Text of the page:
We secured a favorable settlement for Electronic Arts Inc. (EA) in this groundbreaking antitrust and right of publicity class action. Current and former student-athletes claimed EA improperly used the athletes’ likenesses and biographical information in its NCAA Football and NCAA Basketball video games.
We successfully defended Major League Baseball (MLB), its Commissioner and 30 Baseball Clubs from a putative class action. The plaintiffs, former minor league players, alleged that minor league baseball’s labor system violates federal antitrust law. We convinced the court to dismiss the complaint because Baseball’s antitrust exemption bars plaintiffs’ claims.
At the pleading stage, we successfully defeated a putative class action filed against Major League Baseball, its current and former Commissioners, and all 30 Baseball Clubs. The plaintiffs, two former baseball scouts, claimed that defendants had violated federal and state antitrust law by allegedly conspiring to decrease competition in the labor market for scouts. By convincing the court that the employment of baseball scouts falls within the scope of Baseball’s antitrust exemption, we successfully obtained a complete dismissal.
We represented a prisoner in a civil rights suit against three correctional officers who beat him in Pelican Bay State Prison and one officer who failed to intervene to stop the beating. After the plaintiff's case survived summary judgment, the federal court asked us to step in and represent him at trial. Following a five-day trial and five hours of jury deliberation, the defendants settled the case for nearly twice the number the plaintiff presented to the jury.
Partner Adam Lauridsen has worked on a number of cases involving the controversial issue of how far ballparks have to go to protect their fans from foul balls and broken bats, including helping to defeat a class action against Major League Baseball and its clubs in California, landing him among the four sports attorneys dubbed Law360 Rising Stars. Read more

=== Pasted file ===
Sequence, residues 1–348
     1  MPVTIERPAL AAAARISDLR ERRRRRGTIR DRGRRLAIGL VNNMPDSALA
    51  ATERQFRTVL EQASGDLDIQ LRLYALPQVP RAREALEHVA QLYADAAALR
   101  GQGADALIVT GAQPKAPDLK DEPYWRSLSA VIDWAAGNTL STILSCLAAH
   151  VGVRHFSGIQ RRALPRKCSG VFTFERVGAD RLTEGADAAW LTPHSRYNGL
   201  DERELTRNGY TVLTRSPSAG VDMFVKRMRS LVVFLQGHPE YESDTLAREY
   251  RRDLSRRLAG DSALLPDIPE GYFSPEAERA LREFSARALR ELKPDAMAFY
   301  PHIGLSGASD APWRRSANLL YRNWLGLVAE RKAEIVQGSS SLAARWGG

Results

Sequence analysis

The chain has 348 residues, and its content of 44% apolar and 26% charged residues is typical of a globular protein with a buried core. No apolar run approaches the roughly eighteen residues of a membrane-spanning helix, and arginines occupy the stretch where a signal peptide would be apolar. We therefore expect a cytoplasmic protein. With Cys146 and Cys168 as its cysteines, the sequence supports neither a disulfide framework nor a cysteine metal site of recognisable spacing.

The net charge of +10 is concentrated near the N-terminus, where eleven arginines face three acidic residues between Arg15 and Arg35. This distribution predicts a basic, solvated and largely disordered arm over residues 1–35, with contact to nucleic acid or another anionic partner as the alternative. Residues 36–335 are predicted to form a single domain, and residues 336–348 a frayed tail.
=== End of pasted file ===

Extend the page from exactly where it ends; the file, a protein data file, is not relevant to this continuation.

Keker, Van Nest & Peters partner Adam Lauridsen was named among California's top 40 lawyers under age 40 by the Daily Journal. Read more
KVP attorneys and the ACLU are suing to block the Trump Administration’s Executive Order banning immigration and revoking visas for people from seven Muslim-majority nations. Read more
Keker & Van Nest defeat a proposed class action accusing Major League Baseball of failing to protect spectators at ballparks with safety netting. Read more
Wyckoff -- a former scout for the Kansas City Royals -- sued Major League Baseball and all 30 clubs in the Southern District of New York. On behalf of a purported class of scouts, Wyckoff alleged that the defendants had conspired to suppress scouts’ wages and mobility. Read more
A federal court in Delaware threw out a March 2016 verdict holding that Pure Storage must pay $14 million for violating an EMC software patent. Read more
The ruling keeps alive Pure Storage’s challenge of the unfavorable verdict in which jurors decided EMC, the largest computer storage company in the world, was owed $14 million in royalties by its rival, a Mountain View, Calif.-based outfit that went public last year. Read more
Mr. Lauridsen blends enthusiasm for sports with sophistication of sports law, tackling landmark cases involving Major League Baseball’s antitrust exemption, franchise relocations and First Amendment disputes, landing him a spot on Law360's list of top attorneys under age 40 Read more
John Keker, Adam Lauridsen and Tom Gorman score a win for Major League Baseball. Read more
John Keker and Adam Lauridsen protect Major League Baseball from a putative class action. Read more
Adam Lauridsen will co-chair this annual event for in-house counsel and patent litigators. Read more
Elliot Peters and David Silbert protect Genentech from a False Claims Act lawsuit in Massachusetts federal court. Read more
On behalf of T-Mobile, Keker & Van Nest defeated High Point SARL's multi-patent infringement case in New Jersey federal court. Read more
In a stunning order, Breyer entered judgment for Electronic Arts in a dispute with video game designer Robin Antonick, who had accused the company of cheating him out of royalties for the wildly popular Madden Football series. Read more
New partners all served on several significant trial teams, attended elite law schools, and completed prominent clerkships. Read more
The New York Attorney General claimed Intel violated federal and state antitrust statutes by maintaining an illegal monopoly in the microprocessor market. Read more
Jamie Slaughter and Adam Lauridsen assert Electronic Arts did not infringe trademark rights by using brand-name helicopters in a military combat video game because its expressive work is protected by the First Amendment and the doctrine of nominative fair use.
Adam Laurisden and Sharif Jacob win $22,500 settlement for pro bono client in Pelican Bay excessive force case. Read more
Jamie Slaughter and Adam Laurisden successfully defended Electronic Arts Inc. in a trademark suit brought by heirs of 1930s American bank robber, John Dillinger. Read more
The class action was brought by retired NFL players who claim the video game maker used their likenesses without permission. Read more
Moderator, "Recent Developments Regarding Induced Infringement, Damages and Injunctive Relief," Patent Disputes for Corporate Counsel Forum